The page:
So why bother? Well, due to laws of modesty, Orthodox Jews do not participate in sunbathing or swimming in a mixed-gender situation unless it is with their own family, and opportunities within this scenario are rare. Virginia Lake, due to its isolation and inconvenience, provides plenty of privacy. But even more than that, it is exceptionally pristine and beautiful and a true wilderness experience. Also, because it is rarely visited, the fishing is terrific.
By the time we got everyone piled into two cars filled to the brim with everything we’d need, I’d lost count of all the items on my checklist and only hoped we hadn’t forgotten anything too important. After several exhausting trips shlepping stuff from the car, I realized I had forgotten my fishing net at home. That didn’t stop me from fishing, however!
The kids loved kayaking and even the three-year-old enjoyed paddling in the shallow waters by the shore (we stood in the water next to the kayak to ensure he wouldn’t capsize or be in danger, and of course they wore life jackets).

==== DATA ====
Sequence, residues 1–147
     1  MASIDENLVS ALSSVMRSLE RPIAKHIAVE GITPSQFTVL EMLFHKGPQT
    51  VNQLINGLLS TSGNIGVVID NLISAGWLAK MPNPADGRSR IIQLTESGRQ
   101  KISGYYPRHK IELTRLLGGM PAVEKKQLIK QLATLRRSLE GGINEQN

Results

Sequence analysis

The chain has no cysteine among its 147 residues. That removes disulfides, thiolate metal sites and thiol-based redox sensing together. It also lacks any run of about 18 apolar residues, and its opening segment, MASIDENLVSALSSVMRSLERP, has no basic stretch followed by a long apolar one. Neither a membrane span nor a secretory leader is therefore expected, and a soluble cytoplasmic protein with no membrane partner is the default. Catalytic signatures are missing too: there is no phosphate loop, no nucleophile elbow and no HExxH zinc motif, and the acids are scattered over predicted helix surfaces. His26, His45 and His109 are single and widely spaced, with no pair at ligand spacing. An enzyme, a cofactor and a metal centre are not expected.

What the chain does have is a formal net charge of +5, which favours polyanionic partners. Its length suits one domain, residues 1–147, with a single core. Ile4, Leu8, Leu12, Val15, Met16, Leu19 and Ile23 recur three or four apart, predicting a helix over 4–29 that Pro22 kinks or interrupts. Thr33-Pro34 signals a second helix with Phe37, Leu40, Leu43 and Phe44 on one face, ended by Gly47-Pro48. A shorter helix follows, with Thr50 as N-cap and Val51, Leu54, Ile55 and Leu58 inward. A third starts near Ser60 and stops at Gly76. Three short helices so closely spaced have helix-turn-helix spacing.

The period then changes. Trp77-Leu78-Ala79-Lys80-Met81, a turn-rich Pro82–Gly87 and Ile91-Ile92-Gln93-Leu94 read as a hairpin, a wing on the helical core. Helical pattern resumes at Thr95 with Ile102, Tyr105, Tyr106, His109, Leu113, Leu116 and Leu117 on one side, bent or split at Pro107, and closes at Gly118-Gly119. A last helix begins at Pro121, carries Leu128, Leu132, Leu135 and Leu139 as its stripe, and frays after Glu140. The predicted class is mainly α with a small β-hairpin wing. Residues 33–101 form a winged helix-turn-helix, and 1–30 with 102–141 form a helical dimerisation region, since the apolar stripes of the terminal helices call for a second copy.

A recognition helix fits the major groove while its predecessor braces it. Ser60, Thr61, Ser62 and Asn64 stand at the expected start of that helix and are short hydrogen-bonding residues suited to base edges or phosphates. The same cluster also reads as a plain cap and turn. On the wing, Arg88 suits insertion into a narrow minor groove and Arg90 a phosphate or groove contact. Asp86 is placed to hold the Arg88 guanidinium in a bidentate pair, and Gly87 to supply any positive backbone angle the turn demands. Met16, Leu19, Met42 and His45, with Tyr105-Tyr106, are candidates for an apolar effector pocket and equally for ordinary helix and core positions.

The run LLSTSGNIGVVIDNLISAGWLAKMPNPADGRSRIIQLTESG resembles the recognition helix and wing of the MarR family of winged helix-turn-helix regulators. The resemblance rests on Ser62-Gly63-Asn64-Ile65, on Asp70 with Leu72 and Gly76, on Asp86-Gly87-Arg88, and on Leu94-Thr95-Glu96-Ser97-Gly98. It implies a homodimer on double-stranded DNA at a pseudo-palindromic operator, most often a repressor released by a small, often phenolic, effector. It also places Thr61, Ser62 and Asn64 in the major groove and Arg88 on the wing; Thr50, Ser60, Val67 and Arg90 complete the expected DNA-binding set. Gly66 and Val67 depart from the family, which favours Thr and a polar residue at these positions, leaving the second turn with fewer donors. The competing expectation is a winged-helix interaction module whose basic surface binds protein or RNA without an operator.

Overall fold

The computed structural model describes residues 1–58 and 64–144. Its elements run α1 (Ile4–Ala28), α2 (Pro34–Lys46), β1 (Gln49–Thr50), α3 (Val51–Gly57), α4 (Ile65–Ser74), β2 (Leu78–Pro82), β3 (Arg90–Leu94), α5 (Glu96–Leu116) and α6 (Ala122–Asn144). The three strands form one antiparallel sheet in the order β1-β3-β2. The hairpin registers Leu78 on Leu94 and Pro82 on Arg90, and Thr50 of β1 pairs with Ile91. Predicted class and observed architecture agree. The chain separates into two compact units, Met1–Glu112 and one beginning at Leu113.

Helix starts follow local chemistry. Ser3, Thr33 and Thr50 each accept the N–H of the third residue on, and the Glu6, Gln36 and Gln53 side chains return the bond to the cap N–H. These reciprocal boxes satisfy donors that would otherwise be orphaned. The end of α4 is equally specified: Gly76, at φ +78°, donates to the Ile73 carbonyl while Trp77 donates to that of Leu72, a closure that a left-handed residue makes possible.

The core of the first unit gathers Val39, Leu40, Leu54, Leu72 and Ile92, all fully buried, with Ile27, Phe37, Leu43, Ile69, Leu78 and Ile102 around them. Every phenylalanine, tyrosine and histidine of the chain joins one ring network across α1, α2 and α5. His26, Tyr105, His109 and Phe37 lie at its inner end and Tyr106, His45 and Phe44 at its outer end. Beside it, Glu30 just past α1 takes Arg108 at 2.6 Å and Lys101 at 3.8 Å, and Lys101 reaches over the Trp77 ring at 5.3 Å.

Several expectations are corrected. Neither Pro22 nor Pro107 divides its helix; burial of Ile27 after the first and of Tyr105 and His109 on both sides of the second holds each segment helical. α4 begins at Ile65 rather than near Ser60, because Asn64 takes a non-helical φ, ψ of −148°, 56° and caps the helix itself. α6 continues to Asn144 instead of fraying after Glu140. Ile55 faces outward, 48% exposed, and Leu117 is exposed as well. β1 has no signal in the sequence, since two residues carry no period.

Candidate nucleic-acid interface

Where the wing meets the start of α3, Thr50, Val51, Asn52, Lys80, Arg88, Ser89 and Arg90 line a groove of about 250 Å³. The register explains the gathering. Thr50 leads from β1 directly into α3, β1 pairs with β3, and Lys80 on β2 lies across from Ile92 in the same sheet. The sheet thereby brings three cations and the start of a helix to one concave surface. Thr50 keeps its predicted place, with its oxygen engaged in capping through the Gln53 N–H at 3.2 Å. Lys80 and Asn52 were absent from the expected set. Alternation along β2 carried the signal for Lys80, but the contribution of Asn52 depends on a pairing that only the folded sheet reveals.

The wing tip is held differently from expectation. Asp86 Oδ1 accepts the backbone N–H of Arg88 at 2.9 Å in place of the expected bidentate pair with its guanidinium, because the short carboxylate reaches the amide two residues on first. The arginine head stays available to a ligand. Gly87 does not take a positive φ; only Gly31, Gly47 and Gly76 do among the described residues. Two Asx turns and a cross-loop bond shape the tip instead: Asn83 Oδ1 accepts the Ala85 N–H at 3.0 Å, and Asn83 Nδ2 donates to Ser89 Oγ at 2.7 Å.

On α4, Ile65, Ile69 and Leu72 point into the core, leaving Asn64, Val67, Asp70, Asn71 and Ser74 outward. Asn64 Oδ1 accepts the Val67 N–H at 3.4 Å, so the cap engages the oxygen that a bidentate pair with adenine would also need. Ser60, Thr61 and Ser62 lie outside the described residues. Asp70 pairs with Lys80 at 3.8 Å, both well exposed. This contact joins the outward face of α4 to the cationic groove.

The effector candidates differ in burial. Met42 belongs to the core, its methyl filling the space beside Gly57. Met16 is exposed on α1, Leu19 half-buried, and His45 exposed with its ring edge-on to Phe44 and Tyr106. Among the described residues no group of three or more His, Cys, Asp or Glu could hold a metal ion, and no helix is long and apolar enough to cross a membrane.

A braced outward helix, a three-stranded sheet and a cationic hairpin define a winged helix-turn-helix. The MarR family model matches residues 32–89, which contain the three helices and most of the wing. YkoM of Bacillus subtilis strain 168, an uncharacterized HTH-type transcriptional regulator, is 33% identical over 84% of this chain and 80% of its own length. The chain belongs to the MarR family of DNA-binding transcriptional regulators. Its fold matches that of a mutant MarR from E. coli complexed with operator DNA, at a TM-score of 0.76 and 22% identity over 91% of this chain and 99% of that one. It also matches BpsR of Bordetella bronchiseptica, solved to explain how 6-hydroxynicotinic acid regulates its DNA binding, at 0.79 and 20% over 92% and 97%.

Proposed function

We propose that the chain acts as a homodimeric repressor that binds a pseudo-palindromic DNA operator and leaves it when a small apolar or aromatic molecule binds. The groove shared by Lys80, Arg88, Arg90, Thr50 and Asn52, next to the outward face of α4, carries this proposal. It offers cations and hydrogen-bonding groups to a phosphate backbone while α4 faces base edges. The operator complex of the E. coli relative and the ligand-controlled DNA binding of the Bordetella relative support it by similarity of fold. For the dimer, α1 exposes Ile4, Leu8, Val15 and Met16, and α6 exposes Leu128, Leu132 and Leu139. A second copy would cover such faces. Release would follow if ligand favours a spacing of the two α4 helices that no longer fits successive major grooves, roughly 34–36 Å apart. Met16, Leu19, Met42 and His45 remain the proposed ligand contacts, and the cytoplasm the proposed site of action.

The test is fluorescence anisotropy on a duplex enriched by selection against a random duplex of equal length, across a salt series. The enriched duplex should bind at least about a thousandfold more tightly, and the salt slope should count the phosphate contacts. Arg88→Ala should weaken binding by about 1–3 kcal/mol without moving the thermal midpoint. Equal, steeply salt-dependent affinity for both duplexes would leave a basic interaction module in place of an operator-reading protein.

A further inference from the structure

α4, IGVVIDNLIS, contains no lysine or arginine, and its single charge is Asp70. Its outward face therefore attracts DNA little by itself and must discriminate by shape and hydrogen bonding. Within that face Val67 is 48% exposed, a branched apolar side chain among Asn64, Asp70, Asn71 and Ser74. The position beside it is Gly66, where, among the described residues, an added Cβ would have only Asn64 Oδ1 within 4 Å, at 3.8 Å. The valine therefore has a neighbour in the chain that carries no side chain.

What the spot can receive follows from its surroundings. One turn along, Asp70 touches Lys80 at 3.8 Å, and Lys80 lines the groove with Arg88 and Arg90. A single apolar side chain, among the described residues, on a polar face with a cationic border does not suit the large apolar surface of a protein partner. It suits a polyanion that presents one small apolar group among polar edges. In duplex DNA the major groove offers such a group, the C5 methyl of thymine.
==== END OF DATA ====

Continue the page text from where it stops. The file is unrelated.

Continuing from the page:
Two of the grandkids kayaking on Virginia Lake
Fooling around and having fun on Virginia Lake. Even the little 3-year-old blondie (3rd from the right, crouching down in the boat) got to have “solo” time paddling the kayak. (click to enlarge)
I love this picture because it so well captures the pure joy and fun of the day.
Eventually they all had enough and now it was my turn! I paddled out to my favorite area on the lake where the fish always seem to bite. I wasn’t sure my fishing rod would even work, since the day before I had propped it up along the wall next to the window, and someone had absent-mindedly slammed the window shut – – right on the rod, snapping off the end. So here I was, with this crazy, shortened rod, with a sharp rough piece sticking out at the end, attempting to catch something.
Within 30 seconds of putting the worm on the hook and casting the line, I didn’t feel a nibble — I felt a CHOMP. I had never felt anything quite like it before. Usually the fish just nibble at the worm gently, until their noshing gets the best of them and they take a fatal bite and become hooked. Sometimes they are crafty – they nibble carefully enough to release the worm from the hook without their getting caught and then I’m minus both worm and fish. But immediately I knew that whatever had taken that CHOMP, it was BIG, and it wasn’t fooling around – all it took was one bite and that worm was history.